Weather during the last couple of days has helped firefighters battle several massive wildfires in Texas that have destroyed hundreds of homes and more than a million acres of land.
Mark Hanna, spokesman for the Insurance Council of Texas, said the state has received some rain and a favorable shift in winds. The Texas Forest Service list of wildfires indicates many fires are nearly 100 percent contained, but hundreds of homes remain threatened and new fires continuously spring up.
The shift in wind got the McDonald Observatory, a research unit of The University of Texas at Austin, out of harm’s way. At one time the Rock House Fire was within eight miles of the observatory, home to three multimillion-dollar telescopes. People using the structure as an evacuation center had to be evacuated. Observatory spokeswoman Rebecca Johnson says the observatory is now open to the public.
While it is true that the fires burned hundreds of thousands of undeveloped acres, they have also found some clusters of homes such as Possum Kingdom Lake, a resort area with expensive homes, Hanna says. More than 100 homes were destroyed there.
Claims are adding up each day for losses of homes, barns, sheds, fences, tractors, automobiles and boats, reports Hanna.
Texas has been suffering from drought-like conditions for some time, Hanna says, and burn ban remains in 202 of the state’s 254 counties.
“It’s a tinder box out there,” Hanna says.
Fires are not the state’s only worry. Yet another significant hailstorm hit the Dallas/Fort Worth area on April 18, Hanna says. A line of storms 100 miles long produced hail up to the size of tennis balls, he adds.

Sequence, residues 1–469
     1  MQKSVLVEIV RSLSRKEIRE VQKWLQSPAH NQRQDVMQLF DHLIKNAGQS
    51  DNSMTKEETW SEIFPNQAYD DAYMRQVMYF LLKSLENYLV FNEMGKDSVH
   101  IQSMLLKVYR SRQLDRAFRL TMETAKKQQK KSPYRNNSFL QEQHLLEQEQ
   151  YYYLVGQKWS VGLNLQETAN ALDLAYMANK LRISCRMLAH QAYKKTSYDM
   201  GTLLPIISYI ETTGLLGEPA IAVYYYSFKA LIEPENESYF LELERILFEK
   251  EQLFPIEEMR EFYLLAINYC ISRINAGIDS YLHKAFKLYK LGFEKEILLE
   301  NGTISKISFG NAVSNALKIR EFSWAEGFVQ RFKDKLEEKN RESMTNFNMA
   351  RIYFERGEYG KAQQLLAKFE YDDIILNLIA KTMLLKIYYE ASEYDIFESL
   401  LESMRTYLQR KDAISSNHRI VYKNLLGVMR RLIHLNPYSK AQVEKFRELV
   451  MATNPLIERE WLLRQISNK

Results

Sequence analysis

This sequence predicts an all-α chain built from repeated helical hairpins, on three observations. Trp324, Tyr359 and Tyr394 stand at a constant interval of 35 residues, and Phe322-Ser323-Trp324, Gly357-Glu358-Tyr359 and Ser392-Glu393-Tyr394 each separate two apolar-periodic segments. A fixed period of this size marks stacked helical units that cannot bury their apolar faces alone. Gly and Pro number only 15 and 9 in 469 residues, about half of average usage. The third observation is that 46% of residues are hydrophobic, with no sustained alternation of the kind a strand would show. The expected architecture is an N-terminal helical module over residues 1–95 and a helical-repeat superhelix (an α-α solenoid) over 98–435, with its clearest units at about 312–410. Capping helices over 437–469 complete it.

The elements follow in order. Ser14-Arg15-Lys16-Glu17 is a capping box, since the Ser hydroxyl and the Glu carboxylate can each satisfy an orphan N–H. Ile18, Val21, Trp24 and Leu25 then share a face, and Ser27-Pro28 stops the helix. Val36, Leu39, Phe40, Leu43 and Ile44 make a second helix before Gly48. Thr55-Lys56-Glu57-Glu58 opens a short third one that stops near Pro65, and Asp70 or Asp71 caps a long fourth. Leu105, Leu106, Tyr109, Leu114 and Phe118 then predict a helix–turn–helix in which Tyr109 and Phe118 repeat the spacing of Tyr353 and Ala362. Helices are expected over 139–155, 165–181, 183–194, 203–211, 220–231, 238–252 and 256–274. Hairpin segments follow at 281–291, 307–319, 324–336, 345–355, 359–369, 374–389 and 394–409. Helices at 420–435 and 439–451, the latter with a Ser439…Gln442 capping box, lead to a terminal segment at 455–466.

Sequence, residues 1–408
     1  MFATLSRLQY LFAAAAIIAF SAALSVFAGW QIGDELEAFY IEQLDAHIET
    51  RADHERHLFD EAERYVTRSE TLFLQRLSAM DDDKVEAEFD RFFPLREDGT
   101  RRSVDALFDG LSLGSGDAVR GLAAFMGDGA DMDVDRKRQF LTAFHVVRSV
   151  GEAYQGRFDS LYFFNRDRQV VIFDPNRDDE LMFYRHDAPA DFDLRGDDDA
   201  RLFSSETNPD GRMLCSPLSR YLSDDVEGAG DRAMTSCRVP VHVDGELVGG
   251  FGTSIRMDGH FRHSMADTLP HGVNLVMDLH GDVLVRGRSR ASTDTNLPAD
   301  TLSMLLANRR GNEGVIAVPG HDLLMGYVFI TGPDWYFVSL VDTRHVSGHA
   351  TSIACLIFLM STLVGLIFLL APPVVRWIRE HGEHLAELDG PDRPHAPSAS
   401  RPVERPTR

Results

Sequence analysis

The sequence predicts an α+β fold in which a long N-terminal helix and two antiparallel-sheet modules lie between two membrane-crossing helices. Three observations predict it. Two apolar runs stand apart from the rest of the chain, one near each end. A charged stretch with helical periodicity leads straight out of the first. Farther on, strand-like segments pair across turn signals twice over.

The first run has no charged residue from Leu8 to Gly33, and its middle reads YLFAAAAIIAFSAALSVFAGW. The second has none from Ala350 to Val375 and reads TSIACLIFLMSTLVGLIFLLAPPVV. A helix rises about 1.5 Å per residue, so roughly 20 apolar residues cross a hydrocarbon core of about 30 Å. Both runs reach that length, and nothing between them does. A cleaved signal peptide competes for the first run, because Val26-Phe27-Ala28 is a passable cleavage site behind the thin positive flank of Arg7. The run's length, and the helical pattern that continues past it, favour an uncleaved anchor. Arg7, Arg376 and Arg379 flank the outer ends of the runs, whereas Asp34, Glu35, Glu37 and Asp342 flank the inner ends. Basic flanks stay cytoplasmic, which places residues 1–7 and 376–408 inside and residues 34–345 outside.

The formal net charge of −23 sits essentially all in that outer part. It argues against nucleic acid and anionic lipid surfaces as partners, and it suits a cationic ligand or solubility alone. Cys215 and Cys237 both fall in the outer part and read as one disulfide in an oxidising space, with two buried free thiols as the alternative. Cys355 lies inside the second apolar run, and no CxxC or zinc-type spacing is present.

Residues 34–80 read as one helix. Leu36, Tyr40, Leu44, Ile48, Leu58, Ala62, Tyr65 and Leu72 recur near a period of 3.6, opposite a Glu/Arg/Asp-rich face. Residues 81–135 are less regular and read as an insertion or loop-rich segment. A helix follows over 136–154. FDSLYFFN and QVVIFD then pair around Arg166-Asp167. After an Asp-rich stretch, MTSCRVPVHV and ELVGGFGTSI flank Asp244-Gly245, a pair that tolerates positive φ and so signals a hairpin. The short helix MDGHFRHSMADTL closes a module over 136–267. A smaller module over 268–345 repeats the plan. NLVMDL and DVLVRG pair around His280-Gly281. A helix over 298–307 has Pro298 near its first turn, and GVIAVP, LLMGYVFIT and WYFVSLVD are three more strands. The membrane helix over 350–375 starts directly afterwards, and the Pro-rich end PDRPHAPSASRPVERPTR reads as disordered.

Insurers can expect more auto and home claims to add to insured losses. Large hail and strong winds on April 10 is estimated to have already caused $100 million in insured losses, Hanna says.
But even as the hail stopped, the wildfires burn on. Below and on the following pages are stunning nighttime images of the burn in progress at or near the McDonald Observatory, which is located at the University of Texas at Austin.
The Southwest Incident Management Team undertook controlled burns on Sunday, April 17, 2011 to get rid of fuel on the mountains around McDonald Observatory. This would starve the Rock House wildfire of fuel should it head back in observatory's direction. Here, Black Mountain is burning. The Hobby-Eberly Telescope dome is at right. Above it, the bright line on the right is the wildfire that broke through a burn-out line on Sunday afternoon. The bright line on the left is the front of a back-fire set to stop that portion of the wildfire. Silhouetted by the back-fires on Black and Spring (to the left) Mountains is Guide Peak now with only small pockets of active fires.